When making turkey or chicken soup don’t forget to slow roast your carcass for a couple of hours prior to making your stock- really makes a huge difference in the flavour of your stock and adds a deeper colour as well.

    • Sobeys Sobeys says:

      Thanks for sharing Karen! We hope you’ll visit our Facebook page as well, we feature lots of recipes and it’s a great place to exchange ideas and tips!

  3. Donna says:

    Sometimes in a pinch I will use store bought chicken broth, I will add some carrot, celery leaves, 3-4 black pepper corns and 1 star anise, simmering it on low for an hour then strain it and use it as my soup base. Amazing what these additions will add to a box of broth!!

  4. Janet says:

    That’s great about Pumpkin Soup I hate to throw my unused or attempt to eat Pumpkin from Halloween I’m sure if I roasted it like suggested it would taste great easpecially with some tomatoes tomatoes

    • Sobeys Sobeys says:

      The timing is just perfect with Halloween practically around the corner Janet, the only problem is, you may like it so much you’ll find yourself buying pumpkin all year round!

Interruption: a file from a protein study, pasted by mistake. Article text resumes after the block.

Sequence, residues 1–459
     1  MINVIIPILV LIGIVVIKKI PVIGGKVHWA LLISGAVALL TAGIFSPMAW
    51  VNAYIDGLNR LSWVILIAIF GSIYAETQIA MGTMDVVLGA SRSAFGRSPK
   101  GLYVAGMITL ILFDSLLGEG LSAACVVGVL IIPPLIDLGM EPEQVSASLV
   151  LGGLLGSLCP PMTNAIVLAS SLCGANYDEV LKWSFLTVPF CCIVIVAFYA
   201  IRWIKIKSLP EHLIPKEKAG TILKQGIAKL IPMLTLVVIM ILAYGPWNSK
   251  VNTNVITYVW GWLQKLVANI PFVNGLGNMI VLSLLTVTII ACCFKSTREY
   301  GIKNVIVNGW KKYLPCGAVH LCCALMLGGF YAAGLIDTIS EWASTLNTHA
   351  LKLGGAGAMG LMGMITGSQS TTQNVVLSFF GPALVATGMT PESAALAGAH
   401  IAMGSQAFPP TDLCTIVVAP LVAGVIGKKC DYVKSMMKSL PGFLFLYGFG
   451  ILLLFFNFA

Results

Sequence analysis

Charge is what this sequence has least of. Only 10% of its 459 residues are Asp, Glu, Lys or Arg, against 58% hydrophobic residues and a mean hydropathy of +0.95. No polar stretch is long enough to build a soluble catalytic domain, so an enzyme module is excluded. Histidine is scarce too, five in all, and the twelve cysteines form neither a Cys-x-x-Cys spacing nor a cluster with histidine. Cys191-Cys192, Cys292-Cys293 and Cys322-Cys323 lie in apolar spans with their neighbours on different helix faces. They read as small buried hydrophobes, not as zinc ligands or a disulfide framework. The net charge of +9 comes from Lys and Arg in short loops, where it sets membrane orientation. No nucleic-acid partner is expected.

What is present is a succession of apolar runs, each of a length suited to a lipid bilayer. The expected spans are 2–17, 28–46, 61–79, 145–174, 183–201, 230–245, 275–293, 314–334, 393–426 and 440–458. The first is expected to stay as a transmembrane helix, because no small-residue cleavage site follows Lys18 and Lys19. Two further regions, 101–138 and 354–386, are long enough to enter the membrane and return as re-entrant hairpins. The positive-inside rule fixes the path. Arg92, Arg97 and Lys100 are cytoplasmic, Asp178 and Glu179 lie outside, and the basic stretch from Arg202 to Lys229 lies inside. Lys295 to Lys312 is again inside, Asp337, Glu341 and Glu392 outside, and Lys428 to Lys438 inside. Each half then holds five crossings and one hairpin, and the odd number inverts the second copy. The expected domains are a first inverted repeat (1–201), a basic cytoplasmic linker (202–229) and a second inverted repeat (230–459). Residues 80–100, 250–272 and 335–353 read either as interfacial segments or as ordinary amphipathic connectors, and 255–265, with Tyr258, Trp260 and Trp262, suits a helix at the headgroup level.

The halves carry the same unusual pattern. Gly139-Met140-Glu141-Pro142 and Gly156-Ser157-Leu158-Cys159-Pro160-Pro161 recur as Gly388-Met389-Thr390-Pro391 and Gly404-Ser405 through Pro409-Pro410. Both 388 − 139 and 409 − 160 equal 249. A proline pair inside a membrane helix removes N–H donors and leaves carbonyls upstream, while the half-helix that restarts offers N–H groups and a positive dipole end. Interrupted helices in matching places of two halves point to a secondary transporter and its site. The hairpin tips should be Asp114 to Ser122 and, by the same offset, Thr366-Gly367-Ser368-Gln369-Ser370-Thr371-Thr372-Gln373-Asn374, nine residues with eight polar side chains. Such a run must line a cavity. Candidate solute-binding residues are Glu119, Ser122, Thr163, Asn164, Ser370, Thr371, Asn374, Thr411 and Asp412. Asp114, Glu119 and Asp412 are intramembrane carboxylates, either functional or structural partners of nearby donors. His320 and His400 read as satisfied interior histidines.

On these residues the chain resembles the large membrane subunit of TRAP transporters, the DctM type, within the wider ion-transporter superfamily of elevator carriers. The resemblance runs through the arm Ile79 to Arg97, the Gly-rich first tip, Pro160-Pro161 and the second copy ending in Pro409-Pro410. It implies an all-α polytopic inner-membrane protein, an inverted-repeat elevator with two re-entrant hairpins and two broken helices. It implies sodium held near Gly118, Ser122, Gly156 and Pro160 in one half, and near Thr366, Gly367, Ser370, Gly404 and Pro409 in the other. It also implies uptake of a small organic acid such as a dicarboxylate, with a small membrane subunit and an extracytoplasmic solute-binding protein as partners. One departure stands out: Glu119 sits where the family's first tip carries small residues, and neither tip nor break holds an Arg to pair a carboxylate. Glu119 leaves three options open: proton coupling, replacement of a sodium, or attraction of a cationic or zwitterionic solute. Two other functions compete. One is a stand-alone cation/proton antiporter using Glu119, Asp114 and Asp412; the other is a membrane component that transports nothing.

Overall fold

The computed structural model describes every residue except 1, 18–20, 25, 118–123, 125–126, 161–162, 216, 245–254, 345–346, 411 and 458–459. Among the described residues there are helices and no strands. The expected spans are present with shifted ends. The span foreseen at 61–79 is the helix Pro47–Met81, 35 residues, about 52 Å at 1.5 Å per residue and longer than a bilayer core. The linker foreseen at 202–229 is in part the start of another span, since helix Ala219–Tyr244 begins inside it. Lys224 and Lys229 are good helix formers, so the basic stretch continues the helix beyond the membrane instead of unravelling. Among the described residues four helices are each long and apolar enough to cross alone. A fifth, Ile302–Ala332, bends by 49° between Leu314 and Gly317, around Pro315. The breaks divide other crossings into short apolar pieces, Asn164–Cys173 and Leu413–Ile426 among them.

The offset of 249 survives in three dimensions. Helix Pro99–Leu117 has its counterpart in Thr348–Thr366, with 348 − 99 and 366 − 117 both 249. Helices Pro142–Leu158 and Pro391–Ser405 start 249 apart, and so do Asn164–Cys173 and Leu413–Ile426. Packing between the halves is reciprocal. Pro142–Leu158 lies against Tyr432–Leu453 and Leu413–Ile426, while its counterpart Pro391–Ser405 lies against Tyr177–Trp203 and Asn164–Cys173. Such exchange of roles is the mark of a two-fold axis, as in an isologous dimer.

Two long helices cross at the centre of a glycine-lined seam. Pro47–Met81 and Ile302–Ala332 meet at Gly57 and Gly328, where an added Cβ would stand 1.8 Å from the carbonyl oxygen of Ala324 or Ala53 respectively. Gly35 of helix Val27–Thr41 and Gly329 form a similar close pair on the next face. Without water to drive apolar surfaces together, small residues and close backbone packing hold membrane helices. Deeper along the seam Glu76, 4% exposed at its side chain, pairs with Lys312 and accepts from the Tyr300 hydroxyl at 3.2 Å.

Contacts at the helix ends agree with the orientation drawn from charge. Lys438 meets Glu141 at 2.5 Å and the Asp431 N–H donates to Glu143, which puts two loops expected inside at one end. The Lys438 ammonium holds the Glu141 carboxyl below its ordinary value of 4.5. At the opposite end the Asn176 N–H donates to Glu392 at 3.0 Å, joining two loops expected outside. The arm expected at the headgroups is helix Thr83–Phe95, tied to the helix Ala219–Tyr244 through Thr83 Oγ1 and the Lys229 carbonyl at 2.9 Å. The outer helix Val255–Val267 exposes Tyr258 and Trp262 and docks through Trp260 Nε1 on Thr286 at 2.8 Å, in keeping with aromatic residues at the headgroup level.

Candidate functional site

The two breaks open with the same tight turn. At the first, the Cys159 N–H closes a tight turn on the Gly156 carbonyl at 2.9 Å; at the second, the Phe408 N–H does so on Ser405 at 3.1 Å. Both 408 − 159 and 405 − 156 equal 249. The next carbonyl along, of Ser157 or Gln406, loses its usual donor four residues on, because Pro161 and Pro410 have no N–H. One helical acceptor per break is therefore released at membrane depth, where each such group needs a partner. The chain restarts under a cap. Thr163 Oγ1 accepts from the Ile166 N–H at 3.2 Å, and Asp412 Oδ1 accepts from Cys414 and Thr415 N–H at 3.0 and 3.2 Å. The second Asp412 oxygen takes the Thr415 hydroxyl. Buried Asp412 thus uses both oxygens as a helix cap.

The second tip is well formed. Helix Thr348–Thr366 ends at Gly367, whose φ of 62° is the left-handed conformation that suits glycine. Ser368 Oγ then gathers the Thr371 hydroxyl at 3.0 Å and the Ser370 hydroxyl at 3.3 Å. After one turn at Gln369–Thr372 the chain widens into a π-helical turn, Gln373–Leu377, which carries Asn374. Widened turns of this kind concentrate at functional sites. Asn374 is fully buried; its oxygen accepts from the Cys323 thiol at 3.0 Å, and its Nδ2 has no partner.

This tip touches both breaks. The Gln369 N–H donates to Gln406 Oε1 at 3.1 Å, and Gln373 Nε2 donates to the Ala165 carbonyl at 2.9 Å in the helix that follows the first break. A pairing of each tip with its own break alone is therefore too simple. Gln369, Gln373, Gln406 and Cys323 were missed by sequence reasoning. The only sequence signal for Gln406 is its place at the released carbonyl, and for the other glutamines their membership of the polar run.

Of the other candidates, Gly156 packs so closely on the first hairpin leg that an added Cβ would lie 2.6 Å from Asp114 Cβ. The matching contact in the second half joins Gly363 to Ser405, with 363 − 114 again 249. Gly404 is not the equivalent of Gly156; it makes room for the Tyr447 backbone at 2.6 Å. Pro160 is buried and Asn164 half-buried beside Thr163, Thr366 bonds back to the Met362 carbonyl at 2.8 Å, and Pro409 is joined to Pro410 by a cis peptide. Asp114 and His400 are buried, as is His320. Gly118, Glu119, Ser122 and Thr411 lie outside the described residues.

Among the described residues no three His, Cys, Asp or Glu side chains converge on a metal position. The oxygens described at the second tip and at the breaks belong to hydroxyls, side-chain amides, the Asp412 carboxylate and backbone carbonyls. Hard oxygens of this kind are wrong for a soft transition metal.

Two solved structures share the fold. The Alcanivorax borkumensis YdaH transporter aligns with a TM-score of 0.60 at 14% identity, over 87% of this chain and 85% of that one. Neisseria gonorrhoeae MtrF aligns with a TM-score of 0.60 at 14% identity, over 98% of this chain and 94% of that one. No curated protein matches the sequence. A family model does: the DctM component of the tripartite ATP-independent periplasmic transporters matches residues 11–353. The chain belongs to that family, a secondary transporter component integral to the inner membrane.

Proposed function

5. Jeri says:

    I always make my turkey stock from the carcass after we have eaten our dinner. I also leave the skins on the onion for flavour and colour – I strain the stock before I use it anyway. Also, leaving the stock in the fridge overnight allows you to skim fat off the top before using it to make soup. If I don’t have time to make the soup within a day or two of eating the turkey, I freeze the carcass until I am ready.

  6. Janice Geekie says:

    Love the offers, use them all the time. Keep them coming. It’s more important than ever to be an efficient, cost effective shopper and not to waste food.

    • Sobeys Sobeys says:

      That’s great Janice, which of the delicious soups in this feature will you be trying first, or have you already given some of them a try?

  7. Robin Runstedler says:

    I love your tips and recipes…

  8. Cecilia says:

    Love this suggestion, thanks for sharing Karen!

  9. Jo-Ann says:

    Love this segment! I am an avid soup maker!